In Chile, the story of Caimanes highlights the extreme imbalances of power faced by communities seeking accountability from a mining industry that exports a quarter of the world’s copper supply, as the country prepares to rewrite its constitution following protests against entrenched social and economic inequity.
“The system is made for an agreement to be reached,” says Alvaro Toro, an environmental lawyer affiliated with the Observatory of Latin American Water Conflicts. “But there are negotiations that are infeasible due to the great inequality of the parties.”
‘THE COMMUNITY AND THE WATER GO TOGETHER’
The village of Caimanes lies a few hours north of the capital of Santiago in the Pupio valley of northern central Chile, where the foothills of the Andes roll away in all directions. To the southeast, the Pupio creek historically emerged from the snowmelt and spring showers of the Mauro hills, passing beside Caimanes, and finally emptying into the Pacific 30 miles away.
“The community and the water go together,” Badillo says. “It is in everything this area needs.”
Like most of his neighbors, Badillo grew up in a family of proud farmers, raising livestock, keeping beehives and harvesting crops. It was difficult labor, but the community took pride in self-sufficiency, especially its informal water collective developed to direct the flow of the Pupio into irrigation channels, alongside wells supplying drinking water from the valley.
Although Los Pelambres says it does not rely on water from the Pupio for its operations, the completion of the Mauro dam in 2008 covered up key subterranean aquifers feeding the life force of the valley and choking the flow of the Pupio. Los Pelambres stated it would replace the lost water — amounting to millions of cubic meters — with two thin concrete channels drawing from a reservoir capturing rain and groundwater upstream from the dam. It was such a vast reduction that one Chilean magazine declared it akin to “exchanging an Olympic pool for an inflatable.”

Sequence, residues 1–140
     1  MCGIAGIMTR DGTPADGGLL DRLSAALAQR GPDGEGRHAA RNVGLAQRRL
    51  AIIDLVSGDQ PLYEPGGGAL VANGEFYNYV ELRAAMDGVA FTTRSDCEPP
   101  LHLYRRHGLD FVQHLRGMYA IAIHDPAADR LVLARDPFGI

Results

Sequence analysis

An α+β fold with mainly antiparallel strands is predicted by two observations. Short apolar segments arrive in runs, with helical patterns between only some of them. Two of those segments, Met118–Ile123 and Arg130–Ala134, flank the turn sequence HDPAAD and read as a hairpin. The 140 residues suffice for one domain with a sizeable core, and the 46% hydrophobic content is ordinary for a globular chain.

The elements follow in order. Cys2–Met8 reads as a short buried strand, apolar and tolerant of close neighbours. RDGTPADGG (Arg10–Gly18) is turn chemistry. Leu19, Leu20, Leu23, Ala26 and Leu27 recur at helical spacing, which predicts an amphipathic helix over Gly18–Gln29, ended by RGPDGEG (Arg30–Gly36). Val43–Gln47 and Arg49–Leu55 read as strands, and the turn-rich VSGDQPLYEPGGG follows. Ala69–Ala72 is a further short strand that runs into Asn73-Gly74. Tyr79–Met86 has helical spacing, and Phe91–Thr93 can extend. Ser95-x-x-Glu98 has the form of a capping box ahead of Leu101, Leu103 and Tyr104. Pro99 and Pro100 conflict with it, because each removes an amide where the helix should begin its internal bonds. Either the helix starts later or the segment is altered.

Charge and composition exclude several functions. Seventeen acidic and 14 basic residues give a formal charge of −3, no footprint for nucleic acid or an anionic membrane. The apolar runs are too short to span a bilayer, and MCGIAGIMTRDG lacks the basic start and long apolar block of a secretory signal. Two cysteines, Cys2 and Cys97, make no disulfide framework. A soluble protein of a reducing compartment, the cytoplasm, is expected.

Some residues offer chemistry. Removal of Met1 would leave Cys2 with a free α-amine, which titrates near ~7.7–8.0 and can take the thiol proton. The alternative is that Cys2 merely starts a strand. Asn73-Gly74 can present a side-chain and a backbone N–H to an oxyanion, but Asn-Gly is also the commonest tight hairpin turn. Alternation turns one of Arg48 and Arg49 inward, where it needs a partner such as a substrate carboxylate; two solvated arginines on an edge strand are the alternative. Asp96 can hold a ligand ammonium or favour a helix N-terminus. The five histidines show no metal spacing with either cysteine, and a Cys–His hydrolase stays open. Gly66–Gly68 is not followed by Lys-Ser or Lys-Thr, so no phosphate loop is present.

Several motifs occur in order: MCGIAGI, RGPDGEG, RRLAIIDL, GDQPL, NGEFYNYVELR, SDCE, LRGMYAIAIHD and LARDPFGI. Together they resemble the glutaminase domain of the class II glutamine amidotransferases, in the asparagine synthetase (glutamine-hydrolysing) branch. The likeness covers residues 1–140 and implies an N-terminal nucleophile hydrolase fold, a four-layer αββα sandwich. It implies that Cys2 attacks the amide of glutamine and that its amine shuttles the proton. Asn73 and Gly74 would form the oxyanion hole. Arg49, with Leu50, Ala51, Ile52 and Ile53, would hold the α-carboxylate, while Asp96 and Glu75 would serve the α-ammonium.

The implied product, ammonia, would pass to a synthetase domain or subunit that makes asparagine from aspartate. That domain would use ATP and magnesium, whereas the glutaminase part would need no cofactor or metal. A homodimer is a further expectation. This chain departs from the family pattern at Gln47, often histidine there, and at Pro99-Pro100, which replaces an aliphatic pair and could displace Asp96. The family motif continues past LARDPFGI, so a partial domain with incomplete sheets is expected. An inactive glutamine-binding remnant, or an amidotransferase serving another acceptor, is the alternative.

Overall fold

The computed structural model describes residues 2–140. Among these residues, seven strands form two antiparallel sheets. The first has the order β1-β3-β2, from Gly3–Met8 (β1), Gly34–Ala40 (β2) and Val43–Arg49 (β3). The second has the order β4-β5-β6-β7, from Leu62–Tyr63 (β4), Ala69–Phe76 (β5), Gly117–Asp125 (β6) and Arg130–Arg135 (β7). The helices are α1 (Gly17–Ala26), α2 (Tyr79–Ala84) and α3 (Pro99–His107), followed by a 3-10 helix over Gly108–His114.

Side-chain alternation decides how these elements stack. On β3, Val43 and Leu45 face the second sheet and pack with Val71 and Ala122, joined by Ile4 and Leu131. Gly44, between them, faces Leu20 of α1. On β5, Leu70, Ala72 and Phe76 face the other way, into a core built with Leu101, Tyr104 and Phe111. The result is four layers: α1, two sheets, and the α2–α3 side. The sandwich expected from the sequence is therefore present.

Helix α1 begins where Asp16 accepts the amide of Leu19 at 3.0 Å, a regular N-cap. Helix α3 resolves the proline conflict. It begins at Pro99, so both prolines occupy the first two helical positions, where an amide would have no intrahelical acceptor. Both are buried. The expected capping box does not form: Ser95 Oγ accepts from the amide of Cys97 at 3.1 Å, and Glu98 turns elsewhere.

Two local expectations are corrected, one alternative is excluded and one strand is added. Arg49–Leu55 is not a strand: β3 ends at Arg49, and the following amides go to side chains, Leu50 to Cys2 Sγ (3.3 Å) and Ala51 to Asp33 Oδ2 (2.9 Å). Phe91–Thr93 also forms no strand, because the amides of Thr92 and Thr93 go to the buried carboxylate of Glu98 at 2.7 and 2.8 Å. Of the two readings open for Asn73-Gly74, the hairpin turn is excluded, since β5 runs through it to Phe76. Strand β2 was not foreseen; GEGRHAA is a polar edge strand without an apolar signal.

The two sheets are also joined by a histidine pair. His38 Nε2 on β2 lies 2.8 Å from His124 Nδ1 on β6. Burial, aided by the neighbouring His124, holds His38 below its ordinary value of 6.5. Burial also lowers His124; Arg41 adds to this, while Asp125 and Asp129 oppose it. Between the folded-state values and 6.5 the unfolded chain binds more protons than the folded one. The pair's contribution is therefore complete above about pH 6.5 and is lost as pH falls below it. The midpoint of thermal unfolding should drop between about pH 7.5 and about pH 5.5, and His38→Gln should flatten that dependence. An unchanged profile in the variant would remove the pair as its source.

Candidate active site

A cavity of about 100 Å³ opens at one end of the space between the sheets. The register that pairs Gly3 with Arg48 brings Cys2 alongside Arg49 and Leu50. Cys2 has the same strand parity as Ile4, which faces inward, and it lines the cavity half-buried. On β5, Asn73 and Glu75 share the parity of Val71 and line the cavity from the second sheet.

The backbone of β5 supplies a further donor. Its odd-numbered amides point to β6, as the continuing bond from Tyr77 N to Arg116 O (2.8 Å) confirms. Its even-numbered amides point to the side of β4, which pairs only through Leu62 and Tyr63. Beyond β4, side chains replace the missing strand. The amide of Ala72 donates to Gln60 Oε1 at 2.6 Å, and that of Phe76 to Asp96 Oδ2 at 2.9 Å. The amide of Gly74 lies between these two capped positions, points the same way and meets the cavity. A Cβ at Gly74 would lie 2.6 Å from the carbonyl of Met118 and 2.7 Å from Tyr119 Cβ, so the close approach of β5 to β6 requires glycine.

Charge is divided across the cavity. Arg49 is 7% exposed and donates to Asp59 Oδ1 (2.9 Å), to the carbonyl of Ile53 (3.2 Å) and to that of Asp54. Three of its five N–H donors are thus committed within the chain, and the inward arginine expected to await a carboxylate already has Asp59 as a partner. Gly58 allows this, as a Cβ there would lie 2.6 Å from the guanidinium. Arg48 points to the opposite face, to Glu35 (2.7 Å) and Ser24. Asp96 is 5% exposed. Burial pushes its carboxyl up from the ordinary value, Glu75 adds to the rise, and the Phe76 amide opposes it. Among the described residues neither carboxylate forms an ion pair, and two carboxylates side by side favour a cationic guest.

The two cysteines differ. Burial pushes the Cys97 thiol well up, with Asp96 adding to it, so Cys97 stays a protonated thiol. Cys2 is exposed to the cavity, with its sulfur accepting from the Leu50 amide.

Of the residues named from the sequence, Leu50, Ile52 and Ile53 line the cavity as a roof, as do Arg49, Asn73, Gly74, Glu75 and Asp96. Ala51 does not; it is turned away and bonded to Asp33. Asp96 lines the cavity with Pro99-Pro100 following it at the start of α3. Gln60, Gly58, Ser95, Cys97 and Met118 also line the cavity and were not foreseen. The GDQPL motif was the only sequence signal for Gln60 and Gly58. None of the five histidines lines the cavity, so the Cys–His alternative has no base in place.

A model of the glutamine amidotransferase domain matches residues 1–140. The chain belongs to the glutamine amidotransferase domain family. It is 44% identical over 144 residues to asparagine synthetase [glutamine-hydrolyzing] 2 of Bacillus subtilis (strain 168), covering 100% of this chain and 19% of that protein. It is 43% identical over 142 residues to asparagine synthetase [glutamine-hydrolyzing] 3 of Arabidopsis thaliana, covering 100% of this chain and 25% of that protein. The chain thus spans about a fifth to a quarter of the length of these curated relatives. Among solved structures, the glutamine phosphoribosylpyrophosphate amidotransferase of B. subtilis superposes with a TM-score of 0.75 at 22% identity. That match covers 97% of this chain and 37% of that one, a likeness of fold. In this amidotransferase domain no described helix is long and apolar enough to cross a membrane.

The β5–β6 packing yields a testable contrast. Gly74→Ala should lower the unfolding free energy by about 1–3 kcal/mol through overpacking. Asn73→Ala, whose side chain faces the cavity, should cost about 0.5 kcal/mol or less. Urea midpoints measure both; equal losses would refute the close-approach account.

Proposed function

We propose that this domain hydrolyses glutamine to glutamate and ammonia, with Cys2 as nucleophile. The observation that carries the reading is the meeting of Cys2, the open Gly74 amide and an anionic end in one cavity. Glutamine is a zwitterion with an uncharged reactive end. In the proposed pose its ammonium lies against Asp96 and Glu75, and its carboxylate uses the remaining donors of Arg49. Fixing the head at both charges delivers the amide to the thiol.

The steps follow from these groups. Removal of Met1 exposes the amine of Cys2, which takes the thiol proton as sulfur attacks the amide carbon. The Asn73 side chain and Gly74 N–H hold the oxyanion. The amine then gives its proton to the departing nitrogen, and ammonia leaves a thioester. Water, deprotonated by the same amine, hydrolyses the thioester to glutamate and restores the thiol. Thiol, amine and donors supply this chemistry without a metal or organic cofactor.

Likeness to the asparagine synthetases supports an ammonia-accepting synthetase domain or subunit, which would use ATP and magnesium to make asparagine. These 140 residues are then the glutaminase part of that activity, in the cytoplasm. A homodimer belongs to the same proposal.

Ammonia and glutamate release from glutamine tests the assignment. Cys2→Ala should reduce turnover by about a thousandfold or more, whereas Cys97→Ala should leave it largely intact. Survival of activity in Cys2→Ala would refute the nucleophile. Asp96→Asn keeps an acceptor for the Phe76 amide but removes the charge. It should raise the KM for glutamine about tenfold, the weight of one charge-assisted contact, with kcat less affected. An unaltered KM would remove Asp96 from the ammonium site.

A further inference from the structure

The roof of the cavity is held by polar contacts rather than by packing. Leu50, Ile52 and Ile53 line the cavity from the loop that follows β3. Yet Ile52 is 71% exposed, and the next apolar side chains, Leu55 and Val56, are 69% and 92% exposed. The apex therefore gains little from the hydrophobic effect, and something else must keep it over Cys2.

The company has blamed the loss of water on a years-long drought afflicting the region. However, Caimanes residents have documented that even when heavy rains do fall, the Pupio remains dry while other regional waterways surge with life.
The water-intensive process of producing the Mauro and other tailings dams has been described as baking a cake from toxic waste. Mines pour all their excess industrial waste into a large reservoir over many years, where the tailings slowly congeal into finely ground rubble mixed with sand and water. There are approximately 18,000 tailings dams worldwide, of which at least 3,500 remain active, and over decades their waste will harden. Despite the significant risk these dams pose to the environment and human lives around them, it was only last year that the mining industry released its first international standards for waste management, in collaboration with the United Nations.